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Saturday, 05 July 2008

The Chapel of Miracles, Paris - Page 3

Written by Marilyn Z. Tomlins
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The silence in the small chapel was both welcoming and intimidating. It was late afternoon on a weekday in Paris and gusts of wind swept a spring drizzle into the faces of shoppers. They scurried for cover, cutting through bumper-to-bumper traffic. It is forbidden to use the car horn in the French capital, but motorists were still doing so: one even beat the side of his car with a clenched fist and shouted something about acting like an imbecile.

According to what Catherine would later reveal, the Virgin then spoke to her of a ‘mission’ she was to undertake for God. It was not though until almost four months later, on Saturday, November 27, that the Virgin would tell her what this ‘mission’ was. Catherine was to have a medal struck that, when worn, especially around the neck, would bestow an abundance of graces and protection on the wearer.

Catherine described the Virgin. She said, “Her height was medium and Her countenance, indescribably beautiful. She was dressed in a robe the color of the dawn, high-necked, with plain sleeves. Her head was covered with a white veil, which floated over Her shoulders down to her feet. Her feet rested upon a globe, or rather one half of a globe, for that was all that could be seen. Her hands were on a level with Her waist. Her eyes were raised to Heaven.”

The Virgin also held a globe and she showed it to Catherine.

As Catherine described that moment: “There now formed around the Blessed Virgin a frame rather oval in shape on which were written in letters of gold these words: ‘O Mary conceived without sin, pray for us who have recourse to Thee’.

Those words and that scene were to be on one side of the medal that Catherine was to have struck.

Said Catherine: “At the same instant, the oval frame seemed to turn around. Then I saw on the back of it the letter ‘M’ surmounted by a Cross with a crossbar beneath it and under the monogram of the name of Mary, the Holy Hearts of Jesus and of His Mother, the first surrounded by a crown of thorns and the second transpierced by a sword.” This was to be on the reverse side of the medal.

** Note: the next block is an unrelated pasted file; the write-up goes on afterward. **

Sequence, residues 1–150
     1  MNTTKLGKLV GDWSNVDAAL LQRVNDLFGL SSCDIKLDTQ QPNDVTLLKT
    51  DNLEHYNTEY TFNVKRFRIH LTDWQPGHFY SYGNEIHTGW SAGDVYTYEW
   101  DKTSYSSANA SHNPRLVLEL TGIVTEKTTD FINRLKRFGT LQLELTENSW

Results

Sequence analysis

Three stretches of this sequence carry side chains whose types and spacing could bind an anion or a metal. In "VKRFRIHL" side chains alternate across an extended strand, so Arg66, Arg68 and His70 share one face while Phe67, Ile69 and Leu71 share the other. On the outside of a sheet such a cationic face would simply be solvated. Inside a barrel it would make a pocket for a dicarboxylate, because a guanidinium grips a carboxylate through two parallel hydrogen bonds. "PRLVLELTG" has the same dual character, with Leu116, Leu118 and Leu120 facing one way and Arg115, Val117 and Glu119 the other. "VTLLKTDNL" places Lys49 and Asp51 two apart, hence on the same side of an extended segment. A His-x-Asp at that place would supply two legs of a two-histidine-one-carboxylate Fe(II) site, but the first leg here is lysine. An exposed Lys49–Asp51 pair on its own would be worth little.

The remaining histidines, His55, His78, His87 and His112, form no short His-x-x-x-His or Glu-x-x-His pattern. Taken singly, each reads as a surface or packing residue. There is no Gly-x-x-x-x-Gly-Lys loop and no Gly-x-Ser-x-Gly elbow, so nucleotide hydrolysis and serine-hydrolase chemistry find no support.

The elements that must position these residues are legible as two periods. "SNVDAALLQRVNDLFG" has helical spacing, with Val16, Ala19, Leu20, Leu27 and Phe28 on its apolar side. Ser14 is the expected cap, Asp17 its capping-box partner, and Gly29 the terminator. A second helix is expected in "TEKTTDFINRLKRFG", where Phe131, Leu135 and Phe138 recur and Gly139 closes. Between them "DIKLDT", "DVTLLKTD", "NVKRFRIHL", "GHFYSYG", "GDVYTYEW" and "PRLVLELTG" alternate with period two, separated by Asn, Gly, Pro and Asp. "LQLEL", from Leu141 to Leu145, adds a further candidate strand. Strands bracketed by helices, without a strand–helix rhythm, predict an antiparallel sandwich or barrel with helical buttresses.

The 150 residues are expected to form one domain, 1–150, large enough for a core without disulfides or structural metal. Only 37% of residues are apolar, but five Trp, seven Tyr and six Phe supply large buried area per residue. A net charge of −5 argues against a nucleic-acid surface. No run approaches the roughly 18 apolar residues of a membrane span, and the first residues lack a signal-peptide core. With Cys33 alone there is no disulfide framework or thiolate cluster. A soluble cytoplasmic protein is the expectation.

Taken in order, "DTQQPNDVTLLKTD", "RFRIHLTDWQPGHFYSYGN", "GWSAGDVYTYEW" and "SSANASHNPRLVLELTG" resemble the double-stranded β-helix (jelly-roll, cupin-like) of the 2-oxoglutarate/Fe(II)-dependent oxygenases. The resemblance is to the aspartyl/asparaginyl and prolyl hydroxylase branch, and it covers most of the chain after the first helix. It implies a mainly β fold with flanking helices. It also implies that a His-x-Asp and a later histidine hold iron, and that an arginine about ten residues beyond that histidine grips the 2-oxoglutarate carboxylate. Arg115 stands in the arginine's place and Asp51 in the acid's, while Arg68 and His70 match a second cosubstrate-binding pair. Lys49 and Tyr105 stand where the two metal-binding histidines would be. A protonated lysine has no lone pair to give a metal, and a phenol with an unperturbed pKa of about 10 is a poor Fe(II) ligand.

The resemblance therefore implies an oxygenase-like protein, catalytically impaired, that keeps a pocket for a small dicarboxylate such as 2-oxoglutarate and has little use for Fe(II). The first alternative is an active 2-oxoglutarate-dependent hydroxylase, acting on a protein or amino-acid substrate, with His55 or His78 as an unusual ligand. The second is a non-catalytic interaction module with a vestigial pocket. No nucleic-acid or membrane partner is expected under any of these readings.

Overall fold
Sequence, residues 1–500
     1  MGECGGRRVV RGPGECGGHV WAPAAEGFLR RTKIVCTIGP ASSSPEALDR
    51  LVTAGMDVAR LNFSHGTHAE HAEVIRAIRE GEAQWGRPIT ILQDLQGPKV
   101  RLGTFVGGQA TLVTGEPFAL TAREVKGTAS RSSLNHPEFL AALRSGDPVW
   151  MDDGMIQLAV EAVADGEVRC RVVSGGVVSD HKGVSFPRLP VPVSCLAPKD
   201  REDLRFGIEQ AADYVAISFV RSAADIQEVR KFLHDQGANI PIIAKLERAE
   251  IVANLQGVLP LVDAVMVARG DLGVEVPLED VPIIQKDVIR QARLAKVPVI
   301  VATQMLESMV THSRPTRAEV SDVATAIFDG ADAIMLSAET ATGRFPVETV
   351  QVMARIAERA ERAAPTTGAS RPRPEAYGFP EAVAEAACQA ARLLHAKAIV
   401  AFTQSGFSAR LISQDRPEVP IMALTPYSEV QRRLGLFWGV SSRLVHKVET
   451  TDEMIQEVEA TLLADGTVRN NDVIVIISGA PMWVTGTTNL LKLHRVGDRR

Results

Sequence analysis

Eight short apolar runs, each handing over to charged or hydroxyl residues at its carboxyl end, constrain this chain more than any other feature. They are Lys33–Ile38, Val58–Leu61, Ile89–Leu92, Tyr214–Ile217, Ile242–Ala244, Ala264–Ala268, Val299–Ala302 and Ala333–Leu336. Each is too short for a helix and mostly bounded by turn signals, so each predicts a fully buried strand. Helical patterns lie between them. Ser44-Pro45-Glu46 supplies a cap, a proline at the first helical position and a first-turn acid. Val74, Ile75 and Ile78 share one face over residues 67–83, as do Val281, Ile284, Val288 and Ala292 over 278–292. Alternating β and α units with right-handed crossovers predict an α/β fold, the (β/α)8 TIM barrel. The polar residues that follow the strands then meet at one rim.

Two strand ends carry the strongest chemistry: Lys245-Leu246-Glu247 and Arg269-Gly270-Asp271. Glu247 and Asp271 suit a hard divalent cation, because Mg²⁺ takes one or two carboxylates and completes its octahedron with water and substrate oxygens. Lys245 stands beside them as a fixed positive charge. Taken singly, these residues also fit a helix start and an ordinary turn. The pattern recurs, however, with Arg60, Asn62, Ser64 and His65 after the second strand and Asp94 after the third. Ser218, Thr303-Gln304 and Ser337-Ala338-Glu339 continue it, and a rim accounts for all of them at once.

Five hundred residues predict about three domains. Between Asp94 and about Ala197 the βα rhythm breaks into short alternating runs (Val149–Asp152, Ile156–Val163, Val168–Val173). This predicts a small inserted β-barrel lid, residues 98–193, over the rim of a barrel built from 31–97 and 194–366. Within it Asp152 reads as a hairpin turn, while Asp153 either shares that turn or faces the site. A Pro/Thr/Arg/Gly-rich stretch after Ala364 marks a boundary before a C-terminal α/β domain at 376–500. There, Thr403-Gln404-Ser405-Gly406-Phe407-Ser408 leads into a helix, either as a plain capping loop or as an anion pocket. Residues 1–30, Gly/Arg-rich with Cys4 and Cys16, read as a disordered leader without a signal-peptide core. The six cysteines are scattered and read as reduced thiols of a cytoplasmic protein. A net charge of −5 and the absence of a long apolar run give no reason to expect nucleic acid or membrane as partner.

She was anxious to know what words should be placed on this reverse side, but the Virgin told her: “The ‘M’ with the Cross and the two Hearts will tell enough.”

In a third apparition the Virgin told Catherine to go to her confessor, Father Aladel, and to tell him about her request to have this medal struck. Catherine did so but the priest would not believe her. Instead, he transferred her to a convent in Reuilly, a poor commune east of Paris. There she worked at a hospice, yet she kept on hearing a voice reminding her not to forget about the medal. Therefore, in exasperation, she again approached the priest and after having told him, “The Blessed Virgin is cross because you won’t listen to her,” she was finally given an audience with Monsignor De Quélen, Archbishop of Paris.

Having heard what Catherine had to say, the archbishop had 20,000 medals struck. It was 1832 and a cholera epidemic raged in Paris. Twenty thousand people had already died by the time the medal could be distributed by the nuns of Catherine’s old Order. Immediately, the epidemic eased and the medal became known as the ‘Miraculous Medal’. No one though knew the story of the medal: Catherine wouldn’t allow the archbishop to speak of her. Instead, she remained working at the hospice, an ordinary nun washing the bodies of those living their last hours.

Catherine died on Sunday, December 31, 1876, aged 70. Since spring of that year she’d been speaking of dying. “I am going up to Heaven”, she said. When the day came, her fellow nuns asked her whether she was afraid of dying. To that she replied: “Why be afraid of going to see Our Lord, His Mother and Saint Vincent?” Prayers were said at her bedside and she received Communion.

(Page 3 of 4)
Last modified on Sunday, 16 December 2012

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